Creating and editing documentation

This page contains instructions for content editors writing or translating documents for use in Documental. While the experience of writing technical documentation is somewhat different to using a typical word processor it is not something that requires any in-depth technical knowledge


Documental requires documentation to be written in Markdown. Markdown is just plain text with a few additional symbols that we insert to represent things like headings, bold text, links, etc. Documental uses a particular variation of Markdown known as "GitHub-flavoured Markdown" (GFM) which makes it easier to mix computer code with regular prose. However, it's important to stress that you don't need to understand any programming languages to write Markdown! You can find a quick reference for writing in GFM here or a more detailed guide here. Markdown files are text files with a particular file extension, usually .md. You may choose to edit Markdown files via an online platform such as GitHub or using an application on your computer.

Folder structure

All documentation is contained in the docs folder. As an editor, you will be able to complete all of your work here. A typical docs folder structure looks something like this:

- docs
  - data
    - logainm
      - v0.9
  - software
    - terminologue

There is a parent docs folder. Within that folder there are two categories of documentation, data (Open Data) and software (Software). Each of these folders contains one or more resources. A resource is a collection of one or more documents relating to a particular service or piece of software. If we look in the software folder we see a resource called terminologue (Terminologue) which in turn contains several documents.

If we turn to the data folder and the logainm (Logainm API) resource, we see its direct child is a version folder, v0.9. The documents in this folder relate to version 0.9 of the API. Certain resources may have multiple versions and documentation specific to those versions.

Compare the folder structure to the URLs used on the website. See how a URL such as or maps to the folder structure.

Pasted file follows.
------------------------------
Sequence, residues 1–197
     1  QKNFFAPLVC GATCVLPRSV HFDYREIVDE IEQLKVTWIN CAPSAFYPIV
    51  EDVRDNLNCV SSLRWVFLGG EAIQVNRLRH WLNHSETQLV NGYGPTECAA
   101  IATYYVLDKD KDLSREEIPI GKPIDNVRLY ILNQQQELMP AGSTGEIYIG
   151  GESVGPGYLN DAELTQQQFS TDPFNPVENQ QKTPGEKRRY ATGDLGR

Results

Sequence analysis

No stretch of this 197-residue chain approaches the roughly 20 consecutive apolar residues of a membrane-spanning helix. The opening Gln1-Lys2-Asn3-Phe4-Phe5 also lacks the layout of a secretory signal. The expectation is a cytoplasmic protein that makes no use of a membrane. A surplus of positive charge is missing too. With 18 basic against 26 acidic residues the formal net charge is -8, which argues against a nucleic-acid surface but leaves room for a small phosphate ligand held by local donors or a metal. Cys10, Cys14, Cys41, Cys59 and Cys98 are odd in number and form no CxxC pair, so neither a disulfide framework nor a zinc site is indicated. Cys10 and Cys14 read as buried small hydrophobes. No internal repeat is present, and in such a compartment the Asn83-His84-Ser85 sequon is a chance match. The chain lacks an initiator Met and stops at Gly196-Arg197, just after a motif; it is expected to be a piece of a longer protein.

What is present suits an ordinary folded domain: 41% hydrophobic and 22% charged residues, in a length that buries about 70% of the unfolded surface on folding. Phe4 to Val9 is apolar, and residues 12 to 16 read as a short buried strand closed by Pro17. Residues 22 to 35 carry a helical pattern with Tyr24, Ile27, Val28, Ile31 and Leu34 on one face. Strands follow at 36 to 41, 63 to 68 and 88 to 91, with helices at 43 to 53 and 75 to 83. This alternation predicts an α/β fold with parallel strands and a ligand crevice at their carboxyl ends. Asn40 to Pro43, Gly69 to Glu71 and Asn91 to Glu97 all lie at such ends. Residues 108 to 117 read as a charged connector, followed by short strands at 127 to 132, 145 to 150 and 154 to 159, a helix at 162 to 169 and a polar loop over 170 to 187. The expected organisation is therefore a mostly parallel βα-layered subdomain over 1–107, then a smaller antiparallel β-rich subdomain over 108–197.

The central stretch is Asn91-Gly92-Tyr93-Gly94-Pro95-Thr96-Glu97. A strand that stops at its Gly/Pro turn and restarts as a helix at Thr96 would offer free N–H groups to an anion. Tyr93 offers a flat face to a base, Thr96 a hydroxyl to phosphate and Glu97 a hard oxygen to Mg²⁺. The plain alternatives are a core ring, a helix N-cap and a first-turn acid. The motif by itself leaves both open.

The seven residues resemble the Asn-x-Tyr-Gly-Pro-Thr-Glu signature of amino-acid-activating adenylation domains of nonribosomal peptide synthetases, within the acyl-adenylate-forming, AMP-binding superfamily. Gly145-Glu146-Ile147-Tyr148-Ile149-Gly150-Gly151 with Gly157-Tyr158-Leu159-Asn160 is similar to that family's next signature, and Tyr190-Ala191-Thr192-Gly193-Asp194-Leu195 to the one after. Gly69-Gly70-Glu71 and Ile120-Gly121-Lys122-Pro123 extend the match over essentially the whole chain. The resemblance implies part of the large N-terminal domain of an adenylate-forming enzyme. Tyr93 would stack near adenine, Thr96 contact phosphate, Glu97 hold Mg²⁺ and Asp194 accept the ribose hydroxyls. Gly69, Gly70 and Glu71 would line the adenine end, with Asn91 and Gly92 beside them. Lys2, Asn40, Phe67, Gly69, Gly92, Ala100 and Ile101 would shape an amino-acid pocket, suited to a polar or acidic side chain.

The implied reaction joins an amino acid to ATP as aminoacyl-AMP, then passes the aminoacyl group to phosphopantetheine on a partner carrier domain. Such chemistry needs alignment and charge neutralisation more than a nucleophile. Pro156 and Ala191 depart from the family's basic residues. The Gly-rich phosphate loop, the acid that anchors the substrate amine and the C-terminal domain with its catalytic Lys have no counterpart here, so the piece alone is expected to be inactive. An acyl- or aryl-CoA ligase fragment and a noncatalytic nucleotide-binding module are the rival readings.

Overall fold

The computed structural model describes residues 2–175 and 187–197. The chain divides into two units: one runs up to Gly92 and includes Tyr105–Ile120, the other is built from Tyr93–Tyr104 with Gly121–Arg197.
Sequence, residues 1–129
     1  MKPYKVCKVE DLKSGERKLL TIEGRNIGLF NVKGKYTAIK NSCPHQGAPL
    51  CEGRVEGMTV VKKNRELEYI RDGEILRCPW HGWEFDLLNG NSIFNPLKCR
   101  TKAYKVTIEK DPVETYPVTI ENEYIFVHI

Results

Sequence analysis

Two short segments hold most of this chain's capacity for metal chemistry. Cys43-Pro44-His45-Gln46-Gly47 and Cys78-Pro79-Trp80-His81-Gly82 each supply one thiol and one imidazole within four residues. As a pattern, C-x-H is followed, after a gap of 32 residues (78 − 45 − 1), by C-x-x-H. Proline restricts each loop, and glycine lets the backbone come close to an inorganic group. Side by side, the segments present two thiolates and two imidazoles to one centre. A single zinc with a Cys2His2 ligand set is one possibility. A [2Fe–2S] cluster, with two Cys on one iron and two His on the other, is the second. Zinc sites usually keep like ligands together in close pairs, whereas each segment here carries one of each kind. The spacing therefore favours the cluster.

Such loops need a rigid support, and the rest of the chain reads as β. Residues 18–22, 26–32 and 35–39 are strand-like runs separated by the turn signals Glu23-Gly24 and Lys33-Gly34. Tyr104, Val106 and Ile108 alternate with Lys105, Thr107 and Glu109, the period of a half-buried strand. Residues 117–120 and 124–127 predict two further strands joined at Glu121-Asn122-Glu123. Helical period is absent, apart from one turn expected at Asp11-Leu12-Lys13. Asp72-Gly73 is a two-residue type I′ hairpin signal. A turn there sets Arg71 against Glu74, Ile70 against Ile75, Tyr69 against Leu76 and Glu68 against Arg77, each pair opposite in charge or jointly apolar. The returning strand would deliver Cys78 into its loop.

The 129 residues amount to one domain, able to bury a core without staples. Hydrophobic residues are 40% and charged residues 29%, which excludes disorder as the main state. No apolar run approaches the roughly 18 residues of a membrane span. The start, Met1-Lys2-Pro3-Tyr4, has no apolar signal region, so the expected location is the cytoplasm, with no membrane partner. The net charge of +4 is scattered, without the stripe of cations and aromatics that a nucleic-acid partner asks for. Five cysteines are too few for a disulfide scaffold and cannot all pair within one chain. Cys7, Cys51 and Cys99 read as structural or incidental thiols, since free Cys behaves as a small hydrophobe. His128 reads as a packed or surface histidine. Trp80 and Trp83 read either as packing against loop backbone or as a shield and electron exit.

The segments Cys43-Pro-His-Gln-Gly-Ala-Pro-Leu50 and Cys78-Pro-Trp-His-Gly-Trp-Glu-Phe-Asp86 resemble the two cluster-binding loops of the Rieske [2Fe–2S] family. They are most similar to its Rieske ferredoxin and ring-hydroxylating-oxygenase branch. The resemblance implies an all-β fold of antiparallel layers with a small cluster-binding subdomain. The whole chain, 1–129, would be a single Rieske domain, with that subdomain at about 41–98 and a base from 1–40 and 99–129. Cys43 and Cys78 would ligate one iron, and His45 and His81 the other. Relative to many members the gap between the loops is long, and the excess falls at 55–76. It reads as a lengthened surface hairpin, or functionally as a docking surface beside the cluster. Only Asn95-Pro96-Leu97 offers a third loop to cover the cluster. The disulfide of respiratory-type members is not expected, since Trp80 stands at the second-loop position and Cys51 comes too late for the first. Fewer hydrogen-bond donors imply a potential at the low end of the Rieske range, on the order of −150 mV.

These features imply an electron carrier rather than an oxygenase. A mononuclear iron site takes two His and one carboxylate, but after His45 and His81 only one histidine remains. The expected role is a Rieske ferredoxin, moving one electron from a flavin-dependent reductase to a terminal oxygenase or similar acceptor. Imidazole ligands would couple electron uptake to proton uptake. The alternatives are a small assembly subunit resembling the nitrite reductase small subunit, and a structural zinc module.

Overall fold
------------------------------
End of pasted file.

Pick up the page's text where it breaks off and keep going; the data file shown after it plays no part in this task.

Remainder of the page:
File naming

As you might have gathered from the previous section, Markdown files in Documental are named according to a specific format and this affects how the documents are accessed and displayed on the website. This format is:

  • .md is the file extension ('md' for Markdown).
  • The locale uses an ISO language code to represent the language in which the document is written, e.g. en for English and ga for Gaeilge (Irish).
  • The slug is a unique name for your file.

A slug can be the same as a document title but it must follow a number of rules:

  1. Use only lowercase letters.
  2. Replace spaces with hyphens (-).
  3. Do not use any accents (á, é, ó, etc.) or special characters such as !, ? or #.

Here are some valid filenames in Documental:


Here are some INVALID documentation filenames:

  • (uses uppercase letter)
  • (missing locale)
  • getting started! (space not replaced with hyphen; uses special character)

Writing documentation

Now that you have a file prepared, it's time to write some documentation. Each document should contain two parts: (1) metadata and (2) content.

Writing metadata

As you probably know, metadata is data which describes other data. The metadata in Documental documents describes the content of the document (discussed in the next section). We write metadata at the very top of the document, before anything else, in what we call a "metadata header". Here's an example:

title: Logainm Application Programming Interface (Version 0.9)
shortTitle: API
description: Developer documentation for the Logainm API
keywords: Logainm, API, placenames, toponymy, onomastics, Irish language
resource: Logainm
order: 1
public: true

This follows a format called YAML but it's not important to understand this. Let's break it down into a couple of parts: